#163: Frontier Psychiatrist
I don’t really play video games anymore but I’ve become increasingly fascinated by speedrunning in recent years. A speedrun, if you’re not familiar, is the practice of beating a video game in the shortest possible amount of time (the current record for completing the original Super Mario Brothers game, for example, is just under 5 minutes, and players still compete to shave fractions of seconds off of that time. Wikipedia elaborates: “Speedrunners often have to reason about the game differently from the way that ordinary players might. Speedruns follow gameplay routes that are planned out carefully and often involve disarranging the intended sequence of events or skipping entire parts of it. Other speedruns exploit programming mistakes, or glitches, that a skillful player can exploit to their advantage.” One popular type of glitch that players utilize involves “clipping” through walls, a time-saving action that normal gameplay doesn’t allow. The practice of speedrunning is remarkably expansive; as Harry Gowland wrote in a recent issue of Dirt, “you can speedrun anything,” even non-games like the calculator app on the Nintendo Switch console (counting to 1,000 by frantically clicking +1). “If you add a layer of interactivity to almost any program, someone will try and speedrun it.” You can probably speedrun Microsoft Excel. OK, I just googled it—you can.
There are many ways of looking at speedrunning: a game within a game that mocks the latter’s actual objectives; a deep exploration of a digital environment’s contours; or a supreme waste of time, intentionally pointless outside of its own context and even dumber than the overarching game itself, a nihilistic statement that forces us to question the ultimate purpose of anything. It’s games all the way down. Like so many other recent cultural events—WallStreetBets and meme stocks are a notable example—speedrunning demonstrates that anything can be turned into a game, whether it’s meant to be or not. Even games themselves can be turned into other games. In a world where our experience is increasingly mediated by software, seemingly every facet of life is abstracted as bits and thus feels more gamelike; speedrunning provides an eloquent expression of that. The logic of games increasingly pervades culture, a phenomenon Sean Monahan calls gamerbait, and anything arrogant enough to pretend it’s not a game, such as the stock market, simply entices the masses to expose the fallacy all the more aggressively. Acknowledging the game does little to preempt this either, as speedrunners demonstrate, overwriting the stated objectives, imposing their own terms, and glitching across virtual space. We’ll be speedrunning Robinhood soon.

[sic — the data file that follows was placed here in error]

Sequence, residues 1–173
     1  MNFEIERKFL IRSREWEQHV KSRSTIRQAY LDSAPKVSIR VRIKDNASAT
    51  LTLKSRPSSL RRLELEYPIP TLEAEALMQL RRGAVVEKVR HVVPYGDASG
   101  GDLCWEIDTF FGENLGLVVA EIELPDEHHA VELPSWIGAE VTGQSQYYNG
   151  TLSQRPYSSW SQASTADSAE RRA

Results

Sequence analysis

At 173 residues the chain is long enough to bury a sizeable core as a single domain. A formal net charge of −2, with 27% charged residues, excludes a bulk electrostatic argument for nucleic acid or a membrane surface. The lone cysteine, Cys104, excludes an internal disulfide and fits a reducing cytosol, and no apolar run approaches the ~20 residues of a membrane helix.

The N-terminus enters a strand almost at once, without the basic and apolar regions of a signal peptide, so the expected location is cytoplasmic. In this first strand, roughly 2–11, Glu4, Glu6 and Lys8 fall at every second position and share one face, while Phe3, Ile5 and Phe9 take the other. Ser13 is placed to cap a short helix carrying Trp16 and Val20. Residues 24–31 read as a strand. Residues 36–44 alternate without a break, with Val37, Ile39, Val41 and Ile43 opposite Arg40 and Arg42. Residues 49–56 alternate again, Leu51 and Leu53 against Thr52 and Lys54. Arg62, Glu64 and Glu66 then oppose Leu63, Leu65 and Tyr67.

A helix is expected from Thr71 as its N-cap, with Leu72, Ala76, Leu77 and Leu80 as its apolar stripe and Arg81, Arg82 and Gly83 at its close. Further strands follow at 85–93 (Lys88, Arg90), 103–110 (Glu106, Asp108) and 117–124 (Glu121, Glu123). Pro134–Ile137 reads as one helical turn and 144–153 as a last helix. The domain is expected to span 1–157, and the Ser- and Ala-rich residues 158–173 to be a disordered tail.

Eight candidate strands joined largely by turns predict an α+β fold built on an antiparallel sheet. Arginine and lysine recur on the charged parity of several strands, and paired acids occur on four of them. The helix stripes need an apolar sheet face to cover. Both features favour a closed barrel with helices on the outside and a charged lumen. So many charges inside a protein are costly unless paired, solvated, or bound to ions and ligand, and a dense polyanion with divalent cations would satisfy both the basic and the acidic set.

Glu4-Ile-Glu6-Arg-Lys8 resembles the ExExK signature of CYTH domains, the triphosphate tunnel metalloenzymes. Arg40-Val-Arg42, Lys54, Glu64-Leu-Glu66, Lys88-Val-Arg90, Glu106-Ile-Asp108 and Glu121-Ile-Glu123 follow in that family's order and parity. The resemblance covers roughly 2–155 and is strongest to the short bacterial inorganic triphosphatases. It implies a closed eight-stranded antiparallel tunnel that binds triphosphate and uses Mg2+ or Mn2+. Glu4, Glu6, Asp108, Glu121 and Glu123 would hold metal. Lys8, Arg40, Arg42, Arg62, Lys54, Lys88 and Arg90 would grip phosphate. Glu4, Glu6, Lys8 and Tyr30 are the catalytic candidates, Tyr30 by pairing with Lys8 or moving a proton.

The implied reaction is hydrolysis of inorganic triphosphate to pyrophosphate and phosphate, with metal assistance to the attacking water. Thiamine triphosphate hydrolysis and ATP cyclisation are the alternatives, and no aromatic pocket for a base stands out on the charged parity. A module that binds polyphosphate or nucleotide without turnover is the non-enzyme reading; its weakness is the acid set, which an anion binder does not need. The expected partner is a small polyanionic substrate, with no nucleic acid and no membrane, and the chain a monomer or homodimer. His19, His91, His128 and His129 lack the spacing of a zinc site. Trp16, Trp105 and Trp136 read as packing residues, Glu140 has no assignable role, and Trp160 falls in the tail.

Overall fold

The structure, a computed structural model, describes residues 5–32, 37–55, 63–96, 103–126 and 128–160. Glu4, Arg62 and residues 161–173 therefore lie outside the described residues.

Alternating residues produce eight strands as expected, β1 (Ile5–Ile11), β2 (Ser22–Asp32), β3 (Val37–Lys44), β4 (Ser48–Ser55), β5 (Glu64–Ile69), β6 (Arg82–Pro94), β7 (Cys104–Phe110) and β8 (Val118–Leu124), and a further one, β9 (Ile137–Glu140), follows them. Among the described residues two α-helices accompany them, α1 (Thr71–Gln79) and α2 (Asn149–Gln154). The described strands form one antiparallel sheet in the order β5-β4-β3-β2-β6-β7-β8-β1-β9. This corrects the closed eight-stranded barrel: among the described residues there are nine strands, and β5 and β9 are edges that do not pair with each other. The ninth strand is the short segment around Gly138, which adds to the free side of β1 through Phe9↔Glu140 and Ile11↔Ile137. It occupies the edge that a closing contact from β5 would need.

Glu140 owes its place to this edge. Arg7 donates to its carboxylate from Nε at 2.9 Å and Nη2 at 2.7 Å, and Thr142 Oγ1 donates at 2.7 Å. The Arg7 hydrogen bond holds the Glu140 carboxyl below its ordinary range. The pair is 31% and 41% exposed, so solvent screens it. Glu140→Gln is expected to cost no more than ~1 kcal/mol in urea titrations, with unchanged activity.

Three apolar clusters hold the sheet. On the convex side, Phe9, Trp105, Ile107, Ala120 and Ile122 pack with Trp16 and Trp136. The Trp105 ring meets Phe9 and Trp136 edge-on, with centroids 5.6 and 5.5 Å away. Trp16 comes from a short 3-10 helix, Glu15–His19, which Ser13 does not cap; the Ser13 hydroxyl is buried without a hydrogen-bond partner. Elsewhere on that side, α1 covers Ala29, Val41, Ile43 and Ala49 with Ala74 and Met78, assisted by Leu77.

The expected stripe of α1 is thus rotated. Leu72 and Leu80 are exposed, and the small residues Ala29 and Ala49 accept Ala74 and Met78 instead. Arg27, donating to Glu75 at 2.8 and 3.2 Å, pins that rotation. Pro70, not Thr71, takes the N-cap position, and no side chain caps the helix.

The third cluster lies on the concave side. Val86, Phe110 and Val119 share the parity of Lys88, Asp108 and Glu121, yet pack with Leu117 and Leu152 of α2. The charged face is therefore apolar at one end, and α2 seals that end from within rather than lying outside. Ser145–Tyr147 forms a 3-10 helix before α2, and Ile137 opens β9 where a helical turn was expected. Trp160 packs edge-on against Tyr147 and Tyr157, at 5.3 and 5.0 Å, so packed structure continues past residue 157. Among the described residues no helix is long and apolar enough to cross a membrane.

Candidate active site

Despite its apparent superficiality, speedrunning presents a unified worldview, a logic that can be applied to any environment, a principle that transcends any specific game: Everything is topological. Game environments provide an ideal space in which to learn that and grapple with its implications. Arbitrarily traveling from point A to point B as quickly as possible, whether skiing or speedrunning, requires maximum understanding of the landscape being traversed. In a 2020 Baffler essay, Evan Malmgren wrote, “To play a video game is to embody a sequence of possibilities in an engineered, enclosed micro-reality…(Speedrunners) are less like marathon runners than explorers charting the hard limits of a man-made environment, whether they’re searching for sequence breaks to skip sections of games, planning optimized movement paths, mining for glitches to clip through walls, or practicing the mechanics of lightning-fast menu navigation. Speedrunners don’t simply go fast. They are the cosmologists of sandbox universes.” Perhaps, as our lived experience becomes more digital and more gamified, these exploratory efforts will prove to be relevant beyond the boundaries of the environments being speedrun—not just games within games but basic research about the texture of reality itself.
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For last week’s paid subscriber issue, I wrote about the post-quarantine internet and how the pandemic exposed the limitations of fully-online life as well as the illusion that we wanted such a life.
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